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HDTV Resolution: 1080p vs. 720p

December 23rd, 2010 Leave a comment Go to comments

Key Points

– 1080p HDTV has 1920 x 1080 resolution , 720p has 1280 x 720 resolution
– 1080p has 2.25 times more pixels than the 720p
– 720p is still good for smaller size ( 32 inch or smaller) HDTV – you save money.
– For higher sizes ( 50 inch or larger), 1080p offers slightly better viewing experience, especially when viewed from closer distance.
– If the source has 720p resolution (as in may broadcast channels), the quality of the display is not very different for 1080p and 720p HDTV.

What else you may want to know when planning to buy an HDTV ?

– Know about the truth behind the HDTV Contrast Ratio.

The LCD HDTV Refresh rate

– HDTV Buying Guide – Article coming soon on Starred Reviews.

– The LED HDTV – the backlight – Article coming soon on Starred Reviews.

– Historical fact – LCD TV Vs older CRT Monitor.

Any display device uses millions of minute dots to create an image before the viewer. Depending on the concentration of such small dots per unit area the image quality varies. Higher concentration of pixels per unit area means high resolution and image clarity. In simple words resolution means ability to clearly distinguish the edges of an image part with a smooth image surface.

In context of HDTV “p” stands for ‘progressive scans’ helping the TV set to resolve an image signal to visual output. In modern market, 1080p HDTV is premium priced with the highest resolution power. Each 1080p HDTV comes with a wide screen 1920 x 1080 display. Here the Horizontal pixels exactly match vertical progressive scan lines to get an image free from squeezing problem and distortion.

The 720p HDTV on the other hand has a resolution of 1280 x 720 pixels. The calculation shows that the ratio of the number of pixels in the 1080p resolution with respect to the number of pixels in 720p is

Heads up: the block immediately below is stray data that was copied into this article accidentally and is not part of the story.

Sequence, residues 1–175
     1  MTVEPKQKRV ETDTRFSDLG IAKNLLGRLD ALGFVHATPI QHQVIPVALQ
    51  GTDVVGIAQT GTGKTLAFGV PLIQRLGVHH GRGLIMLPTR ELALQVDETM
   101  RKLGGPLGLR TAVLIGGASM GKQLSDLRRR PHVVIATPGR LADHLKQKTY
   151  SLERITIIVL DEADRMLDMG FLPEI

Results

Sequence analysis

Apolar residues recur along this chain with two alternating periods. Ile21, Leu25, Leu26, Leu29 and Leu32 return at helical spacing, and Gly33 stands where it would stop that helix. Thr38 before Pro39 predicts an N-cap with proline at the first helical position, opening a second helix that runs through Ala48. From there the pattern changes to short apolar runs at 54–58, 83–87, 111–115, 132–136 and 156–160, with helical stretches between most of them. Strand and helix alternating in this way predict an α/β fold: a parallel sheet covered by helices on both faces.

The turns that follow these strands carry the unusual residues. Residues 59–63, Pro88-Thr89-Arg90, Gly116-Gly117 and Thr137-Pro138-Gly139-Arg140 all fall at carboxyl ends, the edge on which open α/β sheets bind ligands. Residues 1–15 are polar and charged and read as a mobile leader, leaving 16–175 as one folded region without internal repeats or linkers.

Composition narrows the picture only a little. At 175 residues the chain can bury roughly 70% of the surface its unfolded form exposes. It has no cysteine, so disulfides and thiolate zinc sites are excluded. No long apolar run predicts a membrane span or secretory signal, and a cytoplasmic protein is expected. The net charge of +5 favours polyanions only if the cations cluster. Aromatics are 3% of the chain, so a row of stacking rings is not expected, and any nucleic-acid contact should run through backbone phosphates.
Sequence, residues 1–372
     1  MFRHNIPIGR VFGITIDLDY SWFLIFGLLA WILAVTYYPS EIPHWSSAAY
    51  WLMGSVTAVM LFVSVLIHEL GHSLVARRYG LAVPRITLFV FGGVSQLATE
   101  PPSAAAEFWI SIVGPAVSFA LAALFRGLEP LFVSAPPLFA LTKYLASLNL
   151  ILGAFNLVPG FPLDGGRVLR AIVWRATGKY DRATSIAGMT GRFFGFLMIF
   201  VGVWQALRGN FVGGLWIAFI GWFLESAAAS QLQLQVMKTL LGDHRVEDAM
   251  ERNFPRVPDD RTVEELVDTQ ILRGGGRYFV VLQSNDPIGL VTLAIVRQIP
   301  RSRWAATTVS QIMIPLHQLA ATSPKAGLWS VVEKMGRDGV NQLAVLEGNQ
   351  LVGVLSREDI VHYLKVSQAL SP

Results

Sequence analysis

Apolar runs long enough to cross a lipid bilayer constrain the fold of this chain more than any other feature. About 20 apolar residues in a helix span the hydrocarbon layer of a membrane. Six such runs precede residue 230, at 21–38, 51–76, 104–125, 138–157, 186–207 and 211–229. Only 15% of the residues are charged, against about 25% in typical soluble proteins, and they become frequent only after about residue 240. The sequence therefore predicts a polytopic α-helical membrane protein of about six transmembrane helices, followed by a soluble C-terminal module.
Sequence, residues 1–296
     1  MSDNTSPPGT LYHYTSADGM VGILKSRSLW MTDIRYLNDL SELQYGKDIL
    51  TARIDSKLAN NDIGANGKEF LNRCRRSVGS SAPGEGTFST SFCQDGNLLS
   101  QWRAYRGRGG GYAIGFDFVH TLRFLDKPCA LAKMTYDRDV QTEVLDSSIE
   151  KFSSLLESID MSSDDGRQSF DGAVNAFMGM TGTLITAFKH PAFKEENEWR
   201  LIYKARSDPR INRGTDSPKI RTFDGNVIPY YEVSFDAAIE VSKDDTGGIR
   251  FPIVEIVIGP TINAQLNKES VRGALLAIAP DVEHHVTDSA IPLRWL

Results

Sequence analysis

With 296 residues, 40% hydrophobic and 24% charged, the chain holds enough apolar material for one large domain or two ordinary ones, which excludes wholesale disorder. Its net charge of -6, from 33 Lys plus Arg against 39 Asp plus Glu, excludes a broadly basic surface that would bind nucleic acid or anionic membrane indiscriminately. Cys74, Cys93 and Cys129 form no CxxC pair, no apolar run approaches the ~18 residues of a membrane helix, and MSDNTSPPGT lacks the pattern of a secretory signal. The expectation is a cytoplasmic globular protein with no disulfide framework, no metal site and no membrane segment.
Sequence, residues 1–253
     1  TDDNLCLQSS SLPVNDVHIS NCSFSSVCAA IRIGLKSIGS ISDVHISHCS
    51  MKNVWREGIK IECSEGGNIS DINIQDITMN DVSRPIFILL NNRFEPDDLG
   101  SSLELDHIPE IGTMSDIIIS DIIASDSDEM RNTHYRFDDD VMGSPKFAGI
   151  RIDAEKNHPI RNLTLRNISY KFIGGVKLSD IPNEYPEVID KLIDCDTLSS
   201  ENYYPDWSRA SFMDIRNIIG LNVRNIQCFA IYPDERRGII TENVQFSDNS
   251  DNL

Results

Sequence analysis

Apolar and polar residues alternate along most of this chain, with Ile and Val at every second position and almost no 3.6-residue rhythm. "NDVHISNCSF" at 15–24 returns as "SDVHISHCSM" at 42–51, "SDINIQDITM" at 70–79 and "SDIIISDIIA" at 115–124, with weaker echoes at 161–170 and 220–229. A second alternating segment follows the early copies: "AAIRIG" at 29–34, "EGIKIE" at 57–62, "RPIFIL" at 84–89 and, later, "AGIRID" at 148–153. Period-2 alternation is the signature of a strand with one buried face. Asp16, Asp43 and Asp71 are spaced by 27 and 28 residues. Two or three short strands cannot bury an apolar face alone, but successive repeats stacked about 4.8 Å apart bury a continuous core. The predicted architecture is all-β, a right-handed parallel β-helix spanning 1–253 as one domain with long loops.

(1920 x 1080) / (1280 x 720) = 2.25

A 1080p HDTV has 2.25 or more than twice the number of pixels than a 720p HDTV. If the size of the HDTV is small, say 32 inch, there will be very less pixelization effect and the 720p Vs 1080p will not really make a difference, from a casual viewer perspective. In such case, if you are in tight budget, it may make sense to go for a lower cost, smaller size 720p resolution HDTV, typically under $400 – and you will still see a decent quality video.

The scenario changes when you increase the HDTV size for a larger room for better viewing experience. For 50 inch or larger HDTV, you will find improvement in the quality, especially if you are seeing the picture from a closer distance. There will be lesser pixelization effect. Most HDTVs come in 50 inch or larger size come in 1080p resolution any way.

While thinking about purchasing your new HDTV you need to know which options are available before you. The purpose of purchase and the budget determines the rational decision. If you’re having lower budget allocation for HDTV, go for smaller size, 720p model – you may end up buying a decent quality HDTV for as low as $400. Another area needs attention is your purpose. If you just need multiple TV sets for different rooms opt for a mix of 720p and 1080p models. Many of the HDTV broadcasting is still having only 720p signal range because of problems in increasing their bandwidth to a higher point. So the purpose of 1080p HDTV is for viewing the high quality blu- ray disc videos and other modern storage device contents.

What happens when my 1080p HDTV gets 720p signal input?

Most of the modern 1080p HDTVs are capable of accepting a 720p signal. Then the received signal is processed to view in 1080p screen. But better view experience can be only available with a high quality signal capable of giving 1080p output.

Is there any problem in feeding 1080p signal to 720p HDTV?

Absolutely, there are no problems for you. The TV set converts the signal output to view in a 720p screen. But, here the viewer experience is limited to 720p HDTV capabilities.

The introduction of 1080p HDTV has made vibrations in the market. Now a days more HDTV owners have 1080p models than the 720p models. People have a general tendency to go behind premium priced products. But, only a few of them knows the difference between 1080p and 720p. Usually they have more than one HDTV per household.
Tight budget customers may like to purchase the smaller size ( 40 inch or even 32 inch) at 720p resolution and still expect to get decent video quality.

It is not always necessary to go for the bigger and higher priced 1080p TV. Imagine you’re with a big luxury ship on the shores of a small lake. It never fetches you the experience of a ship. So the better you analyze the resources before you, the more rational your decision will be.

  1. August 19th, 2015 at 14:30 | #1

    Thanks for sharing your thoughts on 1080p. Regards